Unfortunately, many of the villagers are afraid because the Nobuseri bandits are on to the Kanna villagers of hiring samurai to fight them. They are warned, if they side with the samurai, they will be killed. And thus, some of the villagers are so afraid that they may want to betray their fellow villagers and samurai to protect themselves.
As one of the villagers betrays them, young Katsuhiro who has never killed in a battle and is still inexperienced, has to stop one of the scouts from informing the bandits and thus gets his first kill. But the first kill appears to have traumatized him.
Eventually all seven samurai are now prepared for the war against the Nobuseri bandits but since this is wartime, things do not always go as expect as one of the seven samurai are killed.
The third disc focuses on what takes place after the war featuring the Samurai and the Kanna farmers versus the Nobuseri bandits, focuses on Kambei now making good on his promise to rescue two women held captive by the Nobuseri bandits and the ultimate war between the samurai and Ukyo and his Nobuseri bandit clones.
- Episode 19 – The Mutiny
- Episode 20 – The Execution
- Episode 21 – The Rescue
- Episode 22 – The Divide
- Episode 23 – The Lies
- Episode 24 – The Oaths
- Episode 25 – The Last Battle
- Episode 26 – The Era’s End
Kambei has made some promises to free Rikichi’s wife and a sister of another farmer and thus goes off on his own to rescue them. This actually causes problems for young Katsuhiro as he now starts to grow thirsty for more battles and feels that his sensei made a bad decision to go off by himself.
Meanwhile, the twisted Ukyo is now positioning himself for even greater power as becoming the new emperor. His goal, to have samurai protect villages of farmers who are under attack from bandits and make them think he’s on their side and getting their rice. While also working with the bandits to attack the farmers.
His goal of trying to get Kirara is a plan in motion but for revenge against the samurai, his goal is to destroy the Kirara’s village of Kanna and create more clones of Nobuseri bandits to accomplish his task and become an unstoppable force.
A rescue attempt is made to save Kambei who has been taken hostage by Ukyo and although the samurai do succeed, the growing tension between Katsuhiro and Kambei gets out of hand as Katsuhiro’s resentment of his sensei leaving him becomes too much and he leaves the group to become a samurai working alone.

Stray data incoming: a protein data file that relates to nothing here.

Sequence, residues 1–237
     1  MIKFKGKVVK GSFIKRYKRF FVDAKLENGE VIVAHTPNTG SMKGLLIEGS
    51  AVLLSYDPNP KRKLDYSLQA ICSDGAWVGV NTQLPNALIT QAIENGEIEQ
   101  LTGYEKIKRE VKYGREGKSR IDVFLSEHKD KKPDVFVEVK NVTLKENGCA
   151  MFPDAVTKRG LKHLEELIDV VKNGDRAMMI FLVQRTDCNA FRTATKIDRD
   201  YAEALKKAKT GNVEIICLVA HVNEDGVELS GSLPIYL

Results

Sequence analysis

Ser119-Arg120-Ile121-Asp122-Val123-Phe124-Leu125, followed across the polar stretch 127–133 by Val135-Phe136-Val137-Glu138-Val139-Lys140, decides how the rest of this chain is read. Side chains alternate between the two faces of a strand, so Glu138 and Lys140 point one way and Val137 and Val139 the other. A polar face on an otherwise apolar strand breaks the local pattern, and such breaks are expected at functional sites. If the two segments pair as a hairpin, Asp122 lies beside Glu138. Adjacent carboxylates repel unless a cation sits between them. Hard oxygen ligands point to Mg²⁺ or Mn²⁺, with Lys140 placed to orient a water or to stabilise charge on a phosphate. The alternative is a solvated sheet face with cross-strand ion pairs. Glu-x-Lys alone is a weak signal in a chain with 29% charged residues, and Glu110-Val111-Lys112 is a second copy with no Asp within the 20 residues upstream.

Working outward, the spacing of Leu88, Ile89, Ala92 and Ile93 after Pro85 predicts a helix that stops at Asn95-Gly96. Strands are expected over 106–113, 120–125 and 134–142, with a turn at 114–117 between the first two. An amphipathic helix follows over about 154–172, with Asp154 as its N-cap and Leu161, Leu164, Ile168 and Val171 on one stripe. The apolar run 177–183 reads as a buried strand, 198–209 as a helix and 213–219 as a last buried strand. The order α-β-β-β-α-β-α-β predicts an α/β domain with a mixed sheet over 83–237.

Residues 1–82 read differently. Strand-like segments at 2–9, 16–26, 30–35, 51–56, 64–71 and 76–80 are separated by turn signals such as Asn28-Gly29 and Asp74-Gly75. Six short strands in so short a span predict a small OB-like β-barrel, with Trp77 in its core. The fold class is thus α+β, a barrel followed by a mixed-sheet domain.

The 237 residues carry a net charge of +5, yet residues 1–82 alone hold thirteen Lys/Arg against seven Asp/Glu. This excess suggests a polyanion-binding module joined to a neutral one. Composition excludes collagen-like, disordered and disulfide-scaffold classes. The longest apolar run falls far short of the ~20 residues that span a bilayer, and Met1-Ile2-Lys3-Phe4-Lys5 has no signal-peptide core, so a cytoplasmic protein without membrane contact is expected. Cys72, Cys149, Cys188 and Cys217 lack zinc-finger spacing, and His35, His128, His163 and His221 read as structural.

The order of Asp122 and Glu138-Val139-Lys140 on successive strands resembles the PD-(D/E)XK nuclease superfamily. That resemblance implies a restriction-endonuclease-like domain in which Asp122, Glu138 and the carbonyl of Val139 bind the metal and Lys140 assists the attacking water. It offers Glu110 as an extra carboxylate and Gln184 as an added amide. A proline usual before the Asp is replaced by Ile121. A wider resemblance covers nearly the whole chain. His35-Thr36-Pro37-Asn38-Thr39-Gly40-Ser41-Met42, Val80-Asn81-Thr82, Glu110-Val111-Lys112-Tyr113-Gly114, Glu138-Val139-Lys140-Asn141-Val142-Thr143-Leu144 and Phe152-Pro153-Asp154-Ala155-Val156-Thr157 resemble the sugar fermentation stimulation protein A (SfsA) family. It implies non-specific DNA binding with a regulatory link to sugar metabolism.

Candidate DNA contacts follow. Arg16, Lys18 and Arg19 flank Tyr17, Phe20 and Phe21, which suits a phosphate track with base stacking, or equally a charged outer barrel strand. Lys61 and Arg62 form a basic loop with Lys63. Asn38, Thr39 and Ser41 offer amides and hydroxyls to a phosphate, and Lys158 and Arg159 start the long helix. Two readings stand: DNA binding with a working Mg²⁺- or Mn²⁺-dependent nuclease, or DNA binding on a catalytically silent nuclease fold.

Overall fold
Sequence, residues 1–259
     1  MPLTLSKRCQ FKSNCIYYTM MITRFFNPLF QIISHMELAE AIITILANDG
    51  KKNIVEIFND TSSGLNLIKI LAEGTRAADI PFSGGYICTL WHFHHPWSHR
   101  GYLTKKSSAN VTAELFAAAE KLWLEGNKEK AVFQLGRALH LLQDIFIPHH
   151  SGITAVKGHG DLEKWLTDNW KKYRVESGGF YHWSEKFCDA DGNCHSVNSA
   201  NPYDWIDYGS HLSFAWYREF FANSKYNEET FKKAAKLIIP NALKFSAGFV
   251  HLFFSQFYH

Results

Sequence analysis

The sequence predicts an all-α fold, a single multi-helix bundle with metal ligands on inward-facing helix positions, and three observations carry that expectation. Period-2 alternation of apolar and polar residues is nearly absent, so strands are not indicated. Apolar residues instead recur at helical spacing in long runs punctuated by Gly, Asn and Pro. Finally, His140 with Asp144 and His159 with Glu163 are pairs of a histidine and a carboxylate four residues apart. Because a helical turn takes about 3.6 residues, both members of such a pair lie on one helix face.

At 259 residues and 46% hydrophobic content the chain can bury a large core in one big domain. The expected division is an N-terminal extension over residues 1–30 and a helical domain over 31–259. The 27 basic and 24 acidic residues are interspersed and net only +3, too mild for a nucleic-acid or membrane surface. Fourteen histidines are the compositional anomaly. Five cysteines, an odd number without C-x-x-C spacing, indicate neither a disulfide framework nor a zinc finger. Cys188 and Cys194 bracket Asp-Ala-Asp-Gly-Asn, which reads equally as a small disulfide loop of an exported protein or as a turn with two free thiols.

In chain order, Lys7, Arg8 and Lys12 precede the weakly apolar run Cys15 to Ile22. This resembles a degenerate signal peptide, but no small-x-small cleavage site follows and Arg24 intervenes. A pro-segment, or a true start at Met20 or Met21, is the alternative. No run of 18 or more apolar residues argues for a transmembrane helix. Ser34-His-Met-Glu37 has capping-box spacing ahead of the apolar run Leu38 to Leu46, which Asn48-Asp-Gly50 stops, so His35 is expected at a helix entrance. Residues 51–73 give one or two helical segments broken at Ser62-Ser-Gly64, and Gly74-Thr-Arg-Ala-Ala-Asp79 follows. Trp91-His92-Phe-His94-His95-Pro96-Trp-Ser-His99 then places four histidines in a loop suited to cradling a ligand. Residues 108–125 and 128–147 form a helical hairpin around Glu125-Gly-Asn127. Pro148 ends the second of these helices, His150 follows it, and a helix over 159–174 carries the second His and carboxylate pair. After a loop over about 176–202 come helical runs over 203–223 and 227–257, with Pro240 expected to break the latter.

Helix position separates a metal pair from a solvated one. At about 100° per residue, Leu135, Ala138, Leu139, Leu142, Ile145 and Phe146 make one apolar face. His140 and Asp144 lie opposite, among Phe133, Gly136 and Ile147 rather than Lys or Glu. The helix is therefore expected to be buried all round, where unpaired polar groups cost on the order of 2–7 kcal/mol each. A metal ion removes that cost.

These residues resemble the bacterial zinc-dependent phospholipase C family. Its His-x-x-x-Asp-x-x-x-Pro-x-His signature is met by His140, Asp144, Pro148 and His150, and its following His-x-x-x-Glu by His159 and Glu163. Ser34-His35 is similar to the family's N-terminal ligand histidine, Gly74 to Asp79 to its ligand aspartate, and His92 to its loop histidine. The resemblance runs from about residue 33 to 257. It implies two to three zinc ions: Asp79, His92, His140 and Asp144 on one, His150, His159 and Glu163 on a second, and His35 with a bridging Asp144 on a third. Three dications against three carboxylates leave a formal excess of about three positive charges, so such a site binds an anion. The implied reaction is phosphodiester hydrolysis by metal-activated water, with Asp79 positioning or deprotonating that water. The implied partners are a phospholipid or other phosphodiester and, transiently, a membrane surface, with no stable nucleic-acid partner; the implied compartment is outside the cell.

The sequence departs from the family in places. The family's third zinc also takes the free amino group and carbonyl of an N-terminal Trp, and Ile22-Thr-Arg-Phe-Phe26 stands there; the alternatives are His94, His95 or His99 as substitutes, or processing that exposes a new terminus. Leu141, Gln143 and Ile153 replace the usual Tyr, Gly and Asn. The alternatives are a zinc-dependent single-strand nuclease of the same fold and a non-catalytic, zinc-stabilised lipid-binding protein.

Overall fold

As for the five remaining samurai, they know that a new war is upon them and more difficult as before as Ukyo has all these Nobuseri bandit clones and so, the only way for the samurai’s to defeat him is to take the war into his own compound which is more or less like a suicide mission.
Will the samurai’s be able to stop Ukyo and his new regime?
VIDEO AND AUDIO:
In Japan, many of these animators have only a week to get an episode done and often are working on other anime series at the same time, so that being said, “Samurai 7” does have beautiful segments during the CG segments but in terms of the animation, character designs are simplistic, color pallet is solid with not much shading.
And for animation that utilizes less detail, this gives the animator more time to focus on the action sequences which they definitely did for “Samurai 7”.
So, you can expect to see really good detail when it comes to the CG segments especially during the two wars because there is a lot of mecha battles that utilize the CG. And the background renderings often get the most detail. But picture quality is clear and there are scenes that do showcase a lot of vibrant colors. But for those most part, there is a softness in terms of colors. More focus on earth tones and greens.
For some, a drawback is that nine episodes are put on each disc, some enthusiasts would rather have 4-5 episodes with a higher bitrate but with the style of “Samurai 7”, this is a television series not an OVA or film, so one can not expect a super-detailed series. The picture quality is a step up from the DVD release but what “Samurai 7” will appeal to are the audiophiles.
For the audio, audio is presented in Dolby True HD 5.1 in English and Japanese. First, I must say that I was impressed by both voice acting in Japanese and the English dubs. For one, rarely do you get the Japanese audio track in Dolby TrueHD 5.1, so I started the series primarily watching it in Japanese and was in awe of the actual mix and the utilization of the rear channels.